Take a gander at this, a time period with a whole lot less Washington D.C. inspired Divide & Conquer-Community Building Propaganda. This was an era without a vocabulary to describe income taxes, crossword puzzles, computers, newsreels, radio broadcasts, television news, Hollywood special effects, "talkies", moving pictures, atom bombs, hijackers, tanks, election recounts, and so much more. This was a time period with a lot less soap opera, tabloid, "News" noise.
the early 1900's
Crafting The 20th & 21st Century "Person": The Many Masks of Political Identity
It seems pretty clear the discoveries of the early 20th century were put to use in crafting the modern media noise machine of today. This machine exists to manage us, the vast human resource. The 1900's saw the rise of a multimedia beast that would work ceaselessly to keep the human population of the world divided into more easily managed communities, despite all the circularly reasoned media promoted, self serving hyped claims to the contrary. The endless News and Hollywood promoted racial propaganda is a continuous attempt to keep the one human population of the world as divided and subdivided as possible. The media promoted gender diversity confusion is another example of this obvious identity driven, divide and conquer strategy. Counties, States and Nation States exist to do the same. Governmental authority survives and thrives like an allegorical cancer that feeds itself very real divided and cut, human tissue.
International bankers use governmental power to fund and promote a myriad of forms of cultural creation.
The Early 1900's - An Era Before Crossword Puzzles
"In 1948, James Brunot, a resident of Newtown, Connecticut – and one of the few owners of the original Criss-Crosswords game – bought the rights to manufacture the game in exchange for granting Butts a royalty on every unit sold. Though he left most of the game (including the distribution of letters) unchanged, Brunot slightly rearranged the "premium" squares of the board and simplified the rules; he also changed the name of the game to "Scrabble", a real word which means "to scratch frantically". In 1949, Brunot and his family made sets in a converted former schoolhouse in Dodgingtown, a section of Newtown. They made 2,400 sets that year, but lost money. According to legend, Scrabble's big break came in 1952 when Jack Straus, president of Macy's, played the game on vacation. Upon returning from vacation, he was surprised to find that his store did not carry the game. He placed a large order and within a year, "everyone had to have one." "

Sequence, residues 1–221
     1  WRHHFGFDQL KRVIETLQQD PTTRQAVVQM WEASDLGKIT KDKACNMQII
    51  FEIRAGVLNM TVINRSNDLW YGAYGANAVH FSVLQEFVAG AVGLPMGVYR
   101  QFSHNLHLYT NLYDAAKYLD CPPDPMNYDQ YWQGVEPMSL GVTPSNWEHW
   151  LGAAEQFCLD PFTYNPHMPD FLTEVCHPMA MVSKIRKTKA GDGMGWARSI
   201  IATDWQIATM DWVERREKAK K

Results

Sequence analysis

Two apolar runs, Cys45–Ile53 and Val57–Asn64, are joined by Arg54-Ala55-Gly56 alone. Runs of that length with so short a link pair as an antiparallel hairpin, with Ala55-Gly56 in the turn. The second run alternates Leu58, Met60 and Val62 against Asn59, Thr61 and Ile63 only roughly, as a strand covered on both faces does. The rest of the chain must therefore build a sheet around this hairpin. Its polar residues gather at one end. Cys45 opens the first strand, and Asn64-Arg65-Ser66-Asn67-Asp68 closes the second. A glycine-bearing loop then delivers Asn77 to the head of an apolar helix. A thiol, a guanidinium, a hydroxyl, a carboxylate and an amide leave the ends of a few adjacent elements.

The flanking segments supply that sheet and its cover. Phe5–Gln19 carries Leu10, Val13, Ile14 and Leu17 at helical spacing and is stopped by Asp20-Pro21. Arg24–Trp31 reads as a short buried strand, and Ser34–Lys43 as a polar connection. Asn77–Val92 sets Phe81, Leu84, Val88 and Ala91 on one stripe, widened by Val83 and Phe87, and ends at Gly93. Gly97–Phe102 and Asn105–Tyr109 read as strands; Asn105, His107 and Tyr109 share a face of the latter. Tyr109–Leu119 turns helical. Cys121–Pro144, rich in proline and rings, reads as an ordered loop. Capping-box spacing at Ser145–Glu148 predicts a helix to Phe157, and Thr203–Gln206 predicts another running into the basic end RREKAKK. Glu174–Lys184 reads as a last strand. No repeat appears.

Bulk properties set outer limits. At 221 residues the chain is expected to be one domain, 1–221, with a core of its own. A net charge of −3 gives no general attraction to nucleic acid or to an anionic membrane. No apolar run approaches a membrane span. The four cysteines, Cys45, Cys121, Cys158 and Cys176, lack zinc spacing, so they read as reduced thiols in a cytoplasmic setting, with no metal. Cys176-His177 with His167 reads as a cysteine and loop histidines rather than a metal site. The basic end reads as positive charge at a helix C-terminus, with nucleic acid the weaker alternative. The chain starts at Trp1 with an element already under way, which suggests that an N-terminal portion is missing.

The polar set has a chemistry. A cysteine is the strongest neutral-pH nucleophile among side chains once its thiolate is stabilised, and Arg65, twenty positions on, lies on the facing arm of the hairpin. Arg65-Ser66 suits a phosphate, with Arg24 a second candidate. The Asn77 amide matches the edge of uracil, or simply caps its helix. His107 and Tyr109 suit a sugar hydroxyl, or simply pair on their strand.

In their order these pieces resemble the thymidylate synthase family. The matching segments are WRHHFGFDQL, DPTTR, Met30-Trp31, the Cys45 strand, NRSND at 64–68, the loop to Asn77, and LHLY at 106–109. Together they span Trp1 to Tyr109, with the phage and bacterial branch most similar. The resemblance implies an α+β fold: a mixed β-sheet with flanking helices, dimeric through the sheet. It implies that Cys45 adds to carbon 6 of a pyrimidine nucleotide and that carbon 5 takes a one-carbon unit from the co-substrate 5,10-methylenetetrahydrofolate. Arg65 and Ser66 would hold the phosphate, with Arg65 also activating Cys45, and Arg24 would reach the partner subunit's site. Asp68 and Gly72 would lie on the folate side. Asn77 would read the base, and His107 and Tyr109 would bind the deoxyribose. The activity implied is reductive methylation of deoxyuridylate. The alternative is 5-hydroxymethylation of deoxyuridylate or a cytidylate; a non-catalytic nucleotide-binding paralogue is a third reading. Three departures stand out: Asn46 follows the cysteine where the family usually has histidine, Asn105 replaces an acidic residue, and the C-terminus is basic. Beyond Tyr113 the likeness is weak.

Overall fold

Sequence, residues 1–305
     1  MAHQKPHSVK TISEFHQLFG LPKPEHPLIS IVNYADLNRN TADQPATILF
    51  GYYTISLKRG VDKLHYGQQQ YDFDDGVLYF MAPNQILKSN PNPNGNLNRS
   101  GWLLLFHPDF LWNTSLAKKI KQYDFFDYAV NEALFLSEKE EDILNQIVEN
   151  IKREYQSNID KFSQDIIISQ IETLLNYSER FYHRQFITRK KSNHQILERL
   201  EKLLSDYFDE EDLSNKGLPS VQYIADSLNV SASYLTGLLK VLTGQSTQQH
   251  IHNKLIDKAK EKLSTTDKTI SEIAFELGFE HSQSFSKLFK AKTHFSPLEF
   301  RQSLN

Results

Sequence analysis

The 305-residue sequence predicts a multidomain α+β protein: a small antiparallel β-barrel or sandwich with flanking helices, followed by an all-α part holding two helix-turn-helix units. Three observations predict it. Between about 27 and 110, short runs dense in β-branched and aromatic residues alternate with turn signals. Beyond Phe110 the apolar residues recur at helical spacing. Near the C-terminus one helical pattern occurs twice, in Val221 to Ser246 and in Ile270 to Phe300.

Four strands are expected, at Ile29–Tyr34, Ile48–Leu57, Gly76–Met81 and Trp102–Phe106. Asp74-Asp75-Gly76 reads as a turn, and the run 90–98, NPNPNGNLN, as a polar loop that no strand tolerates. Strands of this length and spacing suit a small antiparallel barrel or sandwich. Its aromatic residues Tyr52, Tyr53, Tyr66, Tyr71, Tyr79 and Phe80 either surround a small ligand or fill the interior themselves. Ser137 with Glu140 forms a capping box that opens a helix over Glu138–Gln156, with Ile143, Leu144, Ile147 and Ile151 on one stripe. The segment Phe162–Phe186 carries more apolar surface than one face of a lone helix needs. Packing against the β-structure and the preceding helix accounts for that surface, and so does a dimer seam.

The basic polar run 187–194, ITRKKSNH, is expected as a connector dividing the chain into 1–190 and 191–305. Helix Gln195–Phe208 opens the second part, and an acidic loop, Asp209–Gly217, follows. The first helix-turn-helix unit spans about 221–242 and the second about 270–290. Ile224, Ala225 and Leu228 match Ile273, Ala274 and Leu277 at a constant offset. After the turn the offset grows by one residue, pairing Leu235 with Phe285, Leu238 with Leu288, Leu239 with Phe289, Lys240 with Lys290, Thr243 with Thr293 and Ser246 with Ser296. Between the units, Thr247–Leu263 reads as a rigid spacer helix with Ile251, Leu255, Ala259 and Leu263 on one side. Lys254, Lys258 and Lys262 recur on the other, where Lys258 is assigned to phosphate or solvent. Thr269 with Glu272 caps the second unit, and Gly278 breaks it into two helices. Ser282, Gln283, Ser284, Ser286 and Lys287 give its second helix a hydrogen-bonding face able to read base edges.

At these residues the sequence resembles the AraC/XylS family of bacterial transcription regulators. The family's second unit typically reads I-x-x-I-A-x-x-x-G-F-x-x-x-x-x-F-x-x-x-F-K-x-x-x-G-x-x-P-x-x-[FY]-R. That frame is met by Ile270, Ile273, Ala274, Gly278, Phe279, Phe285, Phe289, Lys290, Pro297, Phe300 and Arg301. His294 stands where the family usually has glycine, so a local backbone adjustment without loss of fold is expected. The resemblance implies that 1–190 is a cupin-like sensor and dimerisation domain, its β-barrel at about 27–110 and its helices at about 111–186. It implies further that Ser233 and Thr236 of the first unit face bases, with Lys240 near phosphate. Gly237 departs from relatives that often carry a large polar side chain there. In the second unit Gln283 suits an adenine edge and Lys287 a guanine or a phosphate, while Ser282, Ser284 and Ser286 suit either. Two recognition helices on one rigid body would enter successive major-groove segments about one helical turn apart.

The 20th & 21st Centuries Crafted By The Federal Government Run Monopoly, Bell Labs
Bell Labs Creates the Real WMD: The Mass Communication System Which is The Medium of Government
"World War II: If the government takeover helped AT&T reestablish itself as a monopoly provider of telephone service, it was during World War II that the company repaid the American people for its largesse. According to author Jon Gertner:
By 1940, the research department at Bell Labs stopped doing research as nearly all of the Labs' work—about 75 percent of it—was redirected towards developing electronic devices for wartime, first to help the Allies in Europe, and soon after to assist the U.S. Army and Navy.
The federal government invested hundreds of millions of dollars in private organizations like AT&T's research arm, and Bell Labs helped develop tools as wide ranging as "tank radio sets to communications systems for pilots wearing oxygen masks to enciphering machines for scrambling secret messages."
Bell Labs' most famous invention during the war years was radar technology, which is often credited with helping the Allies win the war. Research related to radar began at the Naval Research Laboratory in the 1930s, but the Navy soon turned to AT&T scientists to refine the game-changing technology it was to become.
The Cold War: AT&T's close relationship with the government persisted into the 1950s. According to Gertner's account, Bell Labs director Mervin Kelly devoted half his work hours to military and government affairs. He describes the post-war AT&T as one of the main pillars of the military-industrial complex. Government contracts were not only a source of revenue for the firm, but "they gave the company strong allies within the government that the company would need as the twentieth century reached its midpoint." These relationships helped fend off various efforts to check AT&T's dominance of the telephony industry, like a 1949 antitrust suit brought by the Justice Department and settled in 1956, with the AT&T telephone monopoly still intact.
AT&T was able to retain control over the nation's telephone system for 30 more years, until advances in long distance communication allowed upstarts like MCI and Sprint to challenge AT&T's long distance business and the logic of its government-supported monopoly. But the events following the September 11 attacks show that AT&T's eagerness to collaborate with the U.S. government, the entity most responsible for its glorious heyday, remains very much a part of its DNA."